Citizen science camera trapping as a gateway to mammal ecology and STEM careers

Saturday, 14 February 2015
Exhibit Hall (San Jose Convention Center)
Stephanie Schuttler, North Carolina Museum of Natural Sciences, Raleigh, NC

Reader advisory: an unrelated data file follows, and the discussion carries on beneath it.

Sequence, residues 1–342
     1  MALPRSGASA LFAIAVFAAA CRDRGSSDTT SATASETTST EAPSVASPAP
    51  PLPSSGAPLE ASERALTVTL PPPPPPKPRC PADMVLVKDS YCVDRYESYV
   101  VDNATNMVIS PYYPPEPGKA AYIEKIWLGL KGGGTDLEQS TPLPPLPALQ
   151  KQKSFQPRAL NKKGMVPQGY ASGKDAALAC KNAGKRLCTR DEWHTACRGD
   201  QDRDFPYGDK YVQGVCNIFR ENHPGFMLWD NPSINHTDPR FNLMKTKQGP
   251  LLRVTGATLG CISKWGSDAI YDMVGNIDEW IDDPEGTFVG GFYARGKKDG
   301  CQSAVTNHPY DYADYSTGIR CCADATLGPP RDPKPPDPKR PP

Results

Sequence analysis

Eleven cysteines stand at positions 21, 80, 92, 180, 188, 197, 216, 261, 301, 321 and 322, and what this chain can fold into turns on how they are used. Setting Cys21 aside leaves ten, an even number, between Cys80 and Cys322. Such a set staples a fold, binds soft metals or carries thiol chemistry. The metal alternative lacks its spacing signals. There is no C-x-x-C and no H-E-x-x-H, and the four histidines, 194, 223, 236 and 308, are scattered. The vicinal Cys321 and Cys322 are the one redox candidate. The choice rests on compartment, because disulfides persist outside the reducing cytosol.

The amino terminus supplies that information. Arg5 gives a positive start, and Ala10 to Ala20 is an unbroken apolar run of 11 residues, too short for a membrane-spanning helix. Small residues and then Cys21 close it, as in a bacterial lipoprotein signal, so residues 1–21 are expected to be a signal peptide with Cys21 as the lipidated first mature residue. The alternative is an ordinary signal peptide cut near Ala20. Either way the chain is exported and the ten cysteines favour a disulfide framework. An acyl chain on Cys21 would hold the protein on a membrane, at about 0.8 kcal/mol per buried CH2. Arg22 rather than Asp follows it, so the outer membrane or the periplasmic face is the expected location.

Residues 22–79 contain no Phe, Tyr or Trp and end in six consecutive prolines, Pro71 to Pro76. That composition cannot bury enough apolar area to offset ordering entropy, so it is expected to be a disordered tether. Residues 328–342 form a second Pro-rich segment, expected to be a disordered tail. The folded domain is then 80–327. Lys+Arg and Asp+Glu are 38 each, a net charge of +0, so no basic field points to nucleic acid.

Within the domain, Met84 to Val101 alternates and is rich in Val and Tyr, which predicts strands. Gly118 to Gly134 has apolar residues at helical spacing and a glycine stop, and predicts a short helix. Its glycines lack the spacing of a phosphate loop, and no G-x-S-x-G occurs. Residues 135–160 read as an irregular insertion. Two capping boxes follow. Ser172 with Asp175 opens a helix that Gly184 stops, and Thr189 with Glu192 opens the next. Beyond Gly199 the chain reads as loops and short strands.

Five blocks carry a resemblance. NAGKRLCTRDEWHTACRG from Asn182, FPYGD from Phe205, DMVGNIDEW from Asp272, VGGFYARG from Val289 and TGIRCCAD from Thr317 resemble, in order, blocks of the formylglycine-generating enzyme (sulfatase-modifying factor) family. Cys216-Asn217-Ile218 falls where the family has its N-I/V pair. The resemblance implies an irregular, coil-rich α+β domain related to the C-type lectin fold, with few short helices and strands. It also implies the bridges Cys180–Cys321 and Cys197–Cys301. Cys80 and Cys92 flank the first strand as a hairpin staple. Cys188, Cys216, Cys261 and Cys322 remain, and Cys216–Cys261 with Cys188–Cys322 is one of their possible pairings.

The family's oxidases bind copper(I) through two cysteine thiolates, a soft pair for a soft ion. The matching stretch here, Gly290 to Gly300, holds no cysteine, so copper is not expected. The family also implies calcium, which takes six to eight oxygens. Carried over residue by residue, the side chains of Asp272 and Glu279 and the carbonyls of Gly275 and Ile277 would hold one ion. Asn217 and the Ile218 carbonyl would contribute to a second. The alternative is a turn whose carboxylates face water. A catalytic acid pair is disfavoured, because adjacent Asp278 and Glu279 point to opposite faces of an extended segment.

Traditionally, K-12 science classrooms have largely used cookbook-type lesson plans where students conduct experiments with an expected outcome. Our goal as scientists and educators was to develop lesson plans that incorporate real research on local mammal communities as part of the Students Discover program. Students collect data with camera traps, archiving raw results with eMammal, a citizen science camera trapping research project. By working with citizen scientists, eMammal has collected a large range of data, providing a rich set of comparisons with school groups.  Camera traps are ideal for student science classrooms because the species recorded by these cameras can be verified by eMammal experts.  Through the Students Discover program, the citizen science process is taken even further, by allowing students to ask original and authentic scientific research questions. Three teachers from North Carolina public schools participated in a three-week externship with scientists to learn the scientific research process of eMammal and developed four lesson plans integrating the latest national and state science standards. The implementation of these lessons will result in peer-review quality scientific research, while also providing structure for teachers to allow for scaling across the state and soon nation. Finally, we are extending two of the lesson plans for use in cross-cultural classroom learning between schools in North Carolina, Mexico, and India. All lesson plans will be available for other schools, and accompanied by instructional videos. The data collected by students, and research questions addressed in lesson plans ,will be used by scientific publications extending to our knowledge of mammal ecology. We hope that the excitement of studying charismatic animals through camera trapping will not only motivate students to expand our knowledge of mammal ecology, but also engage them in the scientific process and encourage more to pursue a STEM career.